Better than a soft concoction made with Nilla Wafers
Martin Fennelly, columnist @mjfennelly: Teams now have this defense on tape, five games of it, and they’re going to pick out its gaping weaknesses. All those draft picks or not, the stockpiled talent is questionable and thin, including up front, where the lack of a proper rotation of players really hurts and puts a crimp in the rush. And now Shaq Barrett will be double-teamed, so there goes the pass rush. But at least Todd Bowles and this defense is going for it, which beats former coordinator Mike Smith’s no blitz vanilla pudding. Yes, the Bucs are giving up a lot of points, a lot of yards, but they also force turnovers and come up with big plays. I think this defense is actually improved. It has sold out to stop the run, and it has. True, draft pick Vita Vea doesn’t mean as much as shutdown corner or edge rusher would have, but the Bucs are what they are, and there is no magic name out there worth spending money on, as if they have any, or draft picks. There is no quick fix to be made midstream. You go with what you have and savor little steps. If you want to lay blame somewhere, maybe point to those recent drafts where they passed on what have become true defensive stars to, say, get a kicker. But, yes, the Bucs have holes on defense. Shocking. Want to go back and watch 12-yard passes uncontested, or 70-perecnt completion rates? 31 points against New Orleans does not constitute a disaster. These guys contest most everything at least. I’ll take fever and fury, even with the helmet-to-helmet acid runoff. With what they have, you take some chances, you get burned, but you get some turnovers, some big plays. Against good offenses, you’re going to give up things.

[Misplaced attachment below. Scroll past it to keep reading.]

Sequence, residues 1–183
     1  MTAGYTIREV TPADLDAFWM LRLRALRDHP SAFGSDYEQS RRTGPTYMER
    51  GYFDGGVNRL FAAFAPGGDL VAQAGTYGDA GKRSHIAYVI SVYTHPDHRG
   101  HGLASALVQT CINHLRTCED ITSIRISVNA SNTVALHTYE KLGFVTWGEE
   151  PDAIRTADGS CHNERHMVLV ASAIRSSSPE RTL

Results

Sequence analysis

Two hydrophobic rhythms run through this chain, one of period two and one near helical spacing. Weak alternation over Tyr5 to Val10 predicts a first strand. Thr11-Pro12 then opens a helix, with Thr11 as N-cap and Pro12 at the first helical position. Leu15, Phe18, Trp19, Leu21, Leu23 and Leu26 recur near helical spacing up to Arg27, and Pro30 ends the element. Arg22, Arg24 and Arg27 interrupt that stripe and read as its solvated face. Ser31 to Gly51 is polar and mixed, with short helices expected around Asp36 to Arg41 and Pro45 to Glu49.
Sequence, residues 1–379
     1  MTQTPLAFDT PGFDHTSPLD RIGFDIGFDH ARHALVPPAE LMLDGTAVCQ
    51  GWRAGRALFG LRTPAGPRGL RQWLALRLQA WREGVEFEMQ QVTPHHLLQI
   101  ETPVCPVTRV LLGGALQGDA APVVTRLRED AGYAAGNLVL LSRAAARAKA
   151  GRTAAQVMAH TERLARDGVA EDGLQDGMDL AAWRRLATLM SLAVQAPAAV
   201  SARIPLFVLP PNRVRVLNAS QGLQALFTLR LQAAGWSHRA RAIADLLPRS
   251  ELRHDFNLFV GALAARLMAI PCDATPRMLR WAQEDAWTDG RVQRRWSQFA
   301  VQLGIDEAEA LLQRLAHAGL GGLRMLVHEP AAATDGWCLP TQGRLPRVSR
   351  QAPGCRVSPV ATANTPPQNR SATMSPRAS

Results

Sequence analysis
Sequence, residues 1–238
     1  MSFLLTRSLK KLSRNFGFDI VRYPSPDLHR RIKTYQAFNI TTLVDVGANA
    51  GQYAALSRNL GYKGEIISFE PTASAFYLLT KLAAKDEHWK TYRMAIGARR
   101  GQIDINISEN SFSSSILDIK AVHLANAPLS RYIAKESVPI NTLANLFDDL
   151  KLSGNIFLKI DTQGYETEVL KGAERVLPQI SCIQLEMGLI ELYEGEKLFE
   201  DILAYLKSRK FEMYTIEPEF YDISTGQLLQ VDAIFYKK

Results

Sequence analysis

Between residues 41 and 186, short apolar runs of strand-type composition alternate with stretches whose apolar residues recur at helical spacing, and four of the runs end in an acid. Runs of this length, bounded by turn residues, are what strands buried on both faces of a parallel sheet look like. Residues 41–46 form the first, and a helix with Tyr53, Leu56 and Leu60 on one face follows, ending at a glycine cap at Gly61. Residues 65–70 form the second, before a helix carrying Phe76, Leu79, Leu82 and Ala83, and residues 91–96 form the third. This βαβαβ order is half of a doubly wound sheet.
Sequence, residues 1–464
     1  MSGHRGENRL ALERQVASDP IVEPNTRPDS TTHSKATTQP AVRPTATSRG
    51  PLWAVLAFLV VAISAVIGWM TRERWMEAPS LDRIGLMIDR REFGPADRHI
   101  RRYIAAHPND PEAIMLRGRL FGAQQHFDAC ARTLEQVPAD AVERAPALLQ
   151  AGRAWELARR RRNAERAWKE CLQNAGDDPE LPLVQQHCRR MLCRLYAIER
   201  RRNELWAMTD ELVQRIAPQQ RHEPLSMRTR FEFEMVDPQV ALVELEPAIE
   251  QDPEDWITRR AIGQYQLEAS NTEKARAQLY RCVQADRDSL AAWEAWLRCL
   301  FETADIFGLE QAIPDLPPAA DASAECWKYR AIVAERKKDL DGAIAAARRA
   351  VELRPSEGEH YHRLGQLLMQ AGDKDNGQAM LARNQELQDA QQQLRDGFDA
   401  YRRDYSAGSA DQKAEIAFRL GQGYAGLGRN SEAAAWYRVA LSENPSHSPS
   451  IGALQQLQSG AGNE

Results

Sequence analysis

Wanted: Playmakers. Apply during the 2020 draft
Ernest Hooper, columnist/assistant sports editor, @hoop4you: It’s the talent. In some instances, the Bucs are trying to fit round pegs into square holes (see Nassib, Carl). He may have been better suited for the 4-3. In other instances, the players at the staff’s disposal have failed to fulfill their potential (see Hargreaves, Vernon). The first-round pick has made some plays, but need to be doing more. But Bruce Arians and Todd Bowles surely recognize they can’t lean on that as an excuse while they wait for the 2020 draft and free agency. The coaching and tutelage that began in the off-season must continue in London, during off weeks and in preparation for Tennessee on Oct. 26. Someone has to start playing better. Carlton Davis has shown improvement. M.J. Stewart provides flashes. How about it, Jamel Dean, Mike Edwards and Sean Murphy-Bunting? Devin White, if that knee feels better show us what you got. Hey Jason Pierre-Paul, you’ll be welcomed back, even at 75 percent. Can someone step up and save the season? Please?